A view’s state depends on its data, so you declare the possible states for your view and how the view appears for each state — how the view reacts to data changes or how data affect the view. Yes, there’s a definite reactive feeling to SwiftUI! If you’re already using one of the reactive programming frameworks, you’ll have an easier time picking up SwiftUI.

Declaring Views

A SwiftUI view is a piece of your UI: You combine small views to build larger views. There are lots of primitive views like Text and Color, which you can use as building blocks for your custom views.

Open ContentView.swift, and ensure its canvas is open (Option-Command-Return). Then click the + button or press Command-Shift-L to open the Library:

Library of primitive views

The first tab lists primitive views for layout and control, plus Layouts, Other Views and Paints. Many of these, especially the control views, are familiar to you as UIKit elements, but some are unique to SwiftUI.

Library of primitive modifiers

The second tab lists modifiers for layout, effects, text, events and other purposes, including presentation, environment and accessibility. A modifier is a method that creates a new view from the existing view. You can chain modifiers like a pipeline to customize any view.

SwiftUI encourages you to create small reusable views, then customize them with modifiers for the specific context where you use them. Don’t worry. SwiftUI collapses the modified view into an efficient data structure, so you get all this convenience with no visible performance hit.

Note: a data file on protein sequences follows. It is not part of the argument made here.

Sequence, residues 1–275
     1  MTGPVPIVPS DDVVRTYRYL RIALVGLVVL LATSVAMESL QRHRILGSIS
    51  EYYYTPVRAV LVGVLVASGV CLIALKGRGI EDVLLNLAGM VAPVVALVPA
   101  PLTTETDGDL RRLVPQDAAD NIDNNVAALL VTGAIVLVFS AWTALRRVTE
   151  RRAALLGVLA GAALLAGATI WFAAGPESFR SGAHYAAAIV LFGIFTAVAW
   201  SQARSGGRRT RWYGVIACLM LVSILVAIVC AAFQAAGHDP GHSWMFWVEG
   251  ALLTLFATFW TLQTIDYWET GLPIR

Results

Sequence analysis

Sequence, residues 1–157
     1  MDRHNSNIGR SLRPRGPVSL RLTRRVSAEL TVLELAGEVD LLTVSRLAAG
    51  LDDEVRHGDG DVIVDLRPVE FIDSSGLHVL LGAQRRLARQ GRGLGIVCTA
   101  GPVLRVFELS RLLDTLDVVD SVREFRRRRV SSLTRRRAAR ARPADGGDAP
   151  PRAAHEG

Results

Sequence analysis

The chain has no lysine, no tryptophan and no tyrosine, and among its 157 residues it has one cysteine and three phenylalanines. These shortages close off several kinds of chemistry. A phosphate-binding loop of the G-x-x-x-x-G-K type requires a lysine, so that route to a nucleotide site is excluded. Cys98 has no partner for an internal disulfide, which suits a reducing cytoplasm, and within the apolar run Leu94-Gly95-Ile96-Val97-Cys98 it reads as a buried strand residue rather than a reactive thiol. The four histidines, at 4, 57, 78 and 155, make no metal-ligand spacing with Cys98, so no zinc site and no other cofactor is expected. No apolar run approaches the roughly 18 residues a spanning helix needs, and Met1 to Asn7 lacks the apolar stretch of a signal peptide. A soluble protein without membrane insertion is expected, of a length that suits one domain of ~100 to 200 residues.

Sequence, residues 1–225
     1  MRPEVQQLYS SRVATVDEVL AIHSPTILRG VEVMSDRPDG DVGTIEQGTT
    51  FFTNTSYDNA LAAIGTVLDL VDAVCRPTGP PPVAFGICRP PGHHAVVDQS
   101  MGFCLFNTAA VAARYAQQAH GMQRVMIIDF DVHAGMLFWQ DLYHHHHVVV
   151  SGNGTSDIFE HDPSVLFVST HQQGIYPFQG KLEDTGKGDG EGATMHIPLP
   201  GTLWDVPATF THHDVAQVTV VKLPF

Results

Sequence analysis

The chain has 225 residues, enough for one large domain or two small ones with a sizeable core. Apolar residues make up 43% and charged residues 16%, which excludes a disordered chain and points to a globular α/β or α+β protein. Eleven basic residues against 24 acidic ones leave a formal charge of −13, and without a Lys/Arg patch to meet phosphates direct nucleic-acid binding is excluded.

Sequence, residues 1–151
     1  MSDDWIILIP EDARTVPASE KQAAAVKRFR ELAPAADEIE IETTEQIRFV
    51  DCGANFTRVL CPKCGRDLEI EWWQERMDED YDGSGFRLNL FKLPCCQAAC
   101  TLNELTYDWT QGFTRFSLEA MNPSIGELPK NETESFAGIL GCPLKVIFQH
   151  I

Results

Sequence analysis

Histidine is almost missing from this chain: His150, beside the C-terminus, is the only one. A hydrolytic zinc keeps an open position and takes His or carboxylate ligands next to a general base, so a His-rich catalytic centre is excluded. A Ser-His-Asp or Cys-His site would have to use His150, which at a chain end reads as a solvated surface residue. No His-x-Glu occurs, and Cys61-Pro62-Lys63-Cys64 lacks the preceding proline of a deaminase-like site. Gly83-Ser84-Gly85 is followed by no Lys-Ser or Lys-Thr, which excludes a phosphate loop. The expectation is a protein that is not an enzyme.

Creating a Basic List

Start by creating a basic list for the master view of your master-detail app. In a UIKit app, this would be a UITableViewController.

Edit ContentView to look like this:

struct ContentView: View {
  let disciplines = ["statue", "mural", "plaque"]
  var body: some View {
    List(disciplines, id: \.self) { discipline in

You create a static array of strings and display them in a List view, which iterates over the array, displaying whatever you specify for each item. And the result looks like a UITableView!

Ensure your canvas is open, then refresh the preview (click the Resume button or press Option-Command-P):

A basic list of strings

There’s your list, like you expected to see. How easy was that? No UITableViewDataSource methods to implement, no UITableViewCell to configure, and no UITableViewCell identifier to misspell in tableView(_:cellForRowAt:)!